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You Visit Tour. Webb Lion Fountain. June 1 2017. Photo David B. Hollingsworth

Monarch Physical Therapy Does Great Work. I Know from First-Hand Experience.

By Harry Minium

I'd love to be able to tell you that I was playing rugby, running the end zone steps at S.B. Ballard Stadium or pulling a child out of the way of a speeding car when I fell and tore my bicep muscle.

But truthfully, I was starting to climb down from my attic when I slipped, hit the attic ladder, then the floor. My left arm got caught between steps and hyperextended.

I wasn't in pain, but the copious amounts of blood and the curious location of my bicep caused me to scream for my wife, Ellen.

The bicep, normally centered between your elbow and shoulder, drifted almost all the way to my shoulder.

"I wonder if they can fix that?" I remember asking as Ellen bandaged the gash in my arm that day in 2019.

"They" turned out to be "Team Monarch," as Dr. Bradley T. Butkovich, the orthopedic surgeon for ODU's athletic teams, likes to call his relationship with Old Dominion University's Monarch Physical Therapy.

When I texted then-ODU football coach Bobby Wilder asking for a recommendation, he replied that Dr. Brad, as I now call him, "was the best in the business."

He may be the most considerate. The day after my mishap, he drove from his Virginia Beach home to the Atlantic Orthopedic office near Norfolk's DePaul Hospital wearing shorts and an ODU shirt. He came on his day off, just hours before his daughter would graduate from Cox High.

The surgery took about an hour. Two weeks later, he sent me to the ODU's Monarch Physical Therapy for rehabilitation, which would take about four months.

I was treated by perhaps a dozen people at Monarch PT. Mabel Sisk was the first student to work on me and like so many of the good people I met there, she was drawn to physical therapy after becoming dissatisfied with her career.

A suburban Richmond native, Sisk was a chef at a gourmet restaurant in Portland, Oregon - she graduated from the prestigious Le Cordon Bleu College of Culinary Arts - before she returned to Virginia in search of something more fulfilling.

"There's no human connection in it," she said of cooking. "I missed having a connection with the people I was serving."

She wanted to get into the medical field, in part because she is gifted in math and science and has an exercise science degree from Virginia Commonwealth University.

"Out of all the professions I considered, this is the one where you get to know people," she said. "I like to know what their work is like, and any use any of the skills we have that can enhance their lives."

ODU has a rigorous physical therapy program - it accepts only about 40 students per year -- and most students spend some time at Monarch PT or working with patients from the clinic, honing their craft under the watchful eyes of a physical therapist. You need a four-year degree to be admitted, including a ton of science courses. To become a PT, you take three more years of graduate classes totaling 116 credits.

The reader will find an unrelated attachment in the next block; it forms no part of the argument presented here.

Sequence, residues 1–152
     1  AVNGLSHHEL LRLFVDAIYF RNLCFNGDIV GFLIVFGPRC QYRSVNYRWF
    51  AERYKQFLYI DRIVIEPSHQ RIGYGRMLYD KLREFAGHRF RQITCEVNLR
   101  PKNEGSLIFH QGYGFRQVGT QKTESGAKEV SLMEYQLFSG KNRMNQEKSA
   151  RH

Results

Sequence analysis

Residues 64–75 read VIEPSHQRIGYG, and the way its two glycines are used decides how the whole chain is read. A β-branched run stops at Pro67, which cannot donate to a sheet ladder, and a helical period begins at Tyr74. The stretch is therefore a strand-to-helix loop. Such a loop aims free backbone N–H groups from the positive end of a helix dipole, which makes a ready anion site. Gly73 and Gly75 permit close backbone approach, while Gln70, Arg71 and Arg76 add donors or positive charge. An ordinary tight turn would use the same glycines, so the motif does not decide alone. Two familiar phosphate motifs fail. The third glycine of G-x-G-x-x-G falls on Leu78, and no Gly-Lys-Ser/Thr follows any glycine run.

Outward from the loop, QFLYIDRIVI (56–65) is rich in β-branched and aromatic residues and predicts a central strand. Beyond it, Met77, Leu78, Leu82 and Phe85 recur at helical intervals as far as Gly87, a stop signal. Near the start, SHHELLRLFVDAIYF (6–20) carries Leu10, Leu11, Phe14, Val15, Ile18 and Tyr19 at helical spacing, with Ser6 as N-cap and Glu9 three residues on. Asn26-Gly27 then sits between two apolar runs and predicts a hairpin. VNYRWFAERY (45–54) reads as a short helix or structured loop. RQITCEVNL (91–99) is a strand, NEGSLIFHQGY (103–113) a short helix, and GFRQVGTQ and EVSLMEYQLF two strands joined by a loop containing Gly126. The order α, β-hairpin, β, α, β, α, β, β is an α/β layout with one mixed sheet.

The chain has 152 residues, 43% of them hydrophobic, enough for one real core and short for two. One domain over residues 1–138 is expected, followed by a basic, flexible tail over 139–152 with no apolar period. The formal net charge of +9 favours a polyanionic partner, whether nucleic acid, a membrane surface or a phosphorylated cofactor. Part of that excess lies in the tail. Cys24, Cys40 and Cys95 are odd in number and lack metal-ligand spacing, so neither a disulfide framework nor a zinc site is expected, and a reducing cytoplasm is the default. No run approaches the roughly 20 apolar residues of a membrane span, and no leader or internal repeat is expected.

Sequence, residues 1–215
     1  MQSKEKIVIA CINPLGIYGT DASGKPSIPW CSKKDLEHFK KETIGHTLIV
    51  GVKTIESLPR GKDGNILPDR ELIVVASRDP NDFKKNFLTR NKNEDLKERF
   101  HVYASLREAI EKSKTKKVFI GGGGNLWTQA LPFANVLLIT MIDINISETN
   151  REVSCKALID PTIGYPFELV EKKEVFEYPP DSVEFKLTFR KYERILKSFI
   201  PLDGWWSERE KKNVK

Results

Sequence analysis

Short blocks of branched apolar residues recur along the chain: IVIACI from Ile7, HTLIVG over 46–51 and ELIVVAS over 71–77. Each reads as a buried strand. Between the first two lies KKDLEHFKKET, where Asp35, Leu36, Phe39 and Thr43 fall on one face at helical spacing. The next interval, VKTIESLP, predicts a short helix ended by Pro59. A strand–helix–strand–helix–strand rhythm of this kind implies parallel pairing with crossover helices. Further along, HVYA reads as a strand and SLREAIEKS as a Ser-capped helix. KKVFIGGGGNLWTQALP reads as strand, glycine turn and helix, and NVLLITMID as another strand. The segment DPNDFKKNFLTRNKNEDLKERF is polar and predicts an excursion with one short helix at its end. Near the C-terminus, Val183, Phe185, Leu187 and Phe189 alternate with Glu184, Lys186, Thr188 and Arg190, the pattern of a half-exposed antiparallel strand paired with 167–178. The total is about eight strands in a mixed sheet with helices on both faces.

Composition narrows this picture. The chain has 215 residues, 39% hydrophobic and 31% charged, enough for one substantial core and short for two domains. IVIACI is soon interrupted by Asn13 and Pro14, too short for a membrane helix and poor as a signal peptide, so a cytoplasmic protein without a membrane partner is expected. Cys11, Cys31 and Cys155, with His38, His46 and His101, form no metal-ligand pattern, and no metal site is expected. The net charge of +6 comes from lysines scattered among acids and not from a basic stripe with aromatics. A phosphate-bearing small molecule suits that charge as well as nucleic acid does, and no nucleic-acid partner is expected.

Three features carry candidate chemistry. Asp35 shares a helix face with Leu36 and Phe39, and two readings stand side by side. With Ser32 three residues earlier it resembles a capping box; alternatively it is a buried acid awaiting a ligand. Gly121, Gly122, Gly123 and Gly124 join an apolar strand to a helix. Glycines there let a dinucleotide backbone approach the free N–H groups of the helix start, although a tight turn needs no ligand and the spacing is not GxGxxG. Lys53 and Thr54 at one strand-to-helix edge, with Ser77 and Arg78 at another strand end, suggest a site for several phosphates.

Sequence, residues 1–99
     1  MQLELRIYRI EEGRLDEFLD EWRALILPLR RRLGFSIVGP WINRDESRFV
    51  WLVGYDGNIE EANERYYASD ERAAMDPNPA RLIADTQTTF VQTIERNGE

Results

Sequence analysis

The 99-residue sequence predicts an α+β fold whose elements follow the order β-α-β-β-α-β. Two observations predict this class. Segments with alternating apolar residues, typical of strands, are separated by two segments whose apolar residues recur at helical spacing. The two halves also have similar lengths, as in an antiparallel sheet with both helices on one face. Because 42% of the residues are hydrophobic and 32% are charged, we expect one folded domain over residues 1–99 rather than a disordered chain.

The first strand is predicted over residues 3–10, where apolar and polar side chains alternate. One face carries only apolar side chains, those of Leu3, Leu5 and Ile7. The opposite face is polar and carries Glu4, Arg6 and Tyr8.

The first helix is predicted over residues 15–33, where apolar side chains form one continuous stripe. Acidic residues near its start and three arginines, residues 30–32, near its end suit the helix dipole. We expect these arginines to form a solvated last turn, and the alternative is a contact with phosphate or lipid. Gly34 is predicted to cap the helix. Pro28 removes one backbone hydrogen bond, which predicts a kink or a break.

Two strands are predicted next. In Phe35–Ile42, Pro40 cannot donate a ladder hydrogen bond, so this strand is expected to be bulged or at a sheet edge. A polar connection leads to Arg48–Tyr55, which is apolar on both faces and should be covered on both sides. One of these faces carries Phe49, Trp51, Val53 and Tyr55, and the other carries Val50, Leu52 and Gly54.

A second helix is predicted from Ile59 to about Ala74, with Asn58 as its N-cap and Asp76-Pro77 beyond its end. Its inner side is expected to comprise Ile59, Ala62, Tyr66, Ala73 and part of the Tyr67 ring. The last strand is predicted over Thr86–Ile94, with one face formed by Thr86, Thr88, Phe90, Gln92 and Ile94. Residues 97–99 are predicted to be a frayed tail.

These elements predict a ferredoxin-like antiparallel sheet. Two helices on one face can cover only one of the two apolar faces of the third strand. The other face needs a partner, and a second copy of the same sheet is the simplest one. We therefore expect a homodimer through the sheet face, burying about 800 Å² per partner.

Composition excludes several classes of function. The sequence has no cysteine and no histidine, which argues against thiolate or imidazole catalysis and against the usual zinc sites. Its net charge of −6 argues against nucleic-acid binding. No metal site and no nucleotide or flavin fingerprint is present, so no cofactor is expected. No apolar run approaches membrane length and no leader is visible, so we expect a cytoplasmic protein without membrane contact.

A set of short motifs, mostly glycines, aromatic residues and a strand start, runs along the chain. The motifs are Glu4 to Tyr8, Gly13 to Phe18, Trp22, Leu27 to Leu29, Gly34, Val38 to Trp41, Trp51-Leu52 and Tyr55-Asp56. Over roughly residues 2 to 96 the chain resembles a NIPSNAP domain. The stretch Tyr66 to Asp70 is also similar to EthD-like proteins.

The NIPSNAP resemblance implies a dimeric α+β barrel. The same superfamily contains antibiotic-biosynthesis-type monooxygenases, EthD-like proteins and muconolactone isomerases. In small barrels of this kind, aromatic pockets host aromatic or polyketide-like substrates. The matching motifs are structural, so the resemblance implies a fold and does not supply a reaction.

At the end, you have earned a doctorate. Sisk will become Dr. Sisk in May.

Ryan Hunt, a Norfolk native, is the physical therapist I most often worked with. He is a graduate of Catholic High in Virginia Beach who majored in music and business at ODU. I refer to him as the "Piano Man," given the piano was his instrument of choice.

He was uncertain about what to do with his life when he suffered an injury and needed physical therapy.

"It was the first time I ever had PT," he said. "As I got treatment, I began to think, 'This is what I want to do.' The people were so nice to me. You could see this is a profession where you really get to help people."

Every time he moved my arm, he explained what he was doing and why. He was focused and at times a bit of a worrywart, something I liked to tease him about.

But he could sense I was in a hurry to get back into the weight room. He convinced me to go slow on rehab and because he did, there were no setbacks.

Care at Monarch PT isn't limited to ODU students and staff. It also serves the general public.

It is run by Dr. Lisa Koperna, a lecturer with the School of Rehabilitation Sciences, who opened Monarch PT in 2014. She also works with patients.

The Monarch PT staff toils in cramped quarters in the Peri Lab building on east side of ODU's campus, but that should change in the near future.

ODU plans to build an $74.9 million Health Sciences Building that will house Monarch PT, the physical therapy and athletic training programs, and the new Doctor of Occupational Therapy program that will begin in a couple of years.

My arm is as close to 100% as you could expect after a serious accident. For that, I owe everyone at Monarch PT a thank you.

Obviously, I owe the same to Dr. Brad, whom I've gotten to know pretty well.

He came to Atlantic Orthopedic in 2012 and has been with ODU almost as long. He's a University of Richmond grad and still proud of his Spiders, but he bleeds ODU blue.

"ODU is a family," he said. "It doesn't matter where you are or what part of ODU you're involved in, everybody helps everyone else out."

Monarch Physical Therapy is located at 1015 West 47th Street on the east side of ODU's campus. For information on getting treatment, call 757-683-7041

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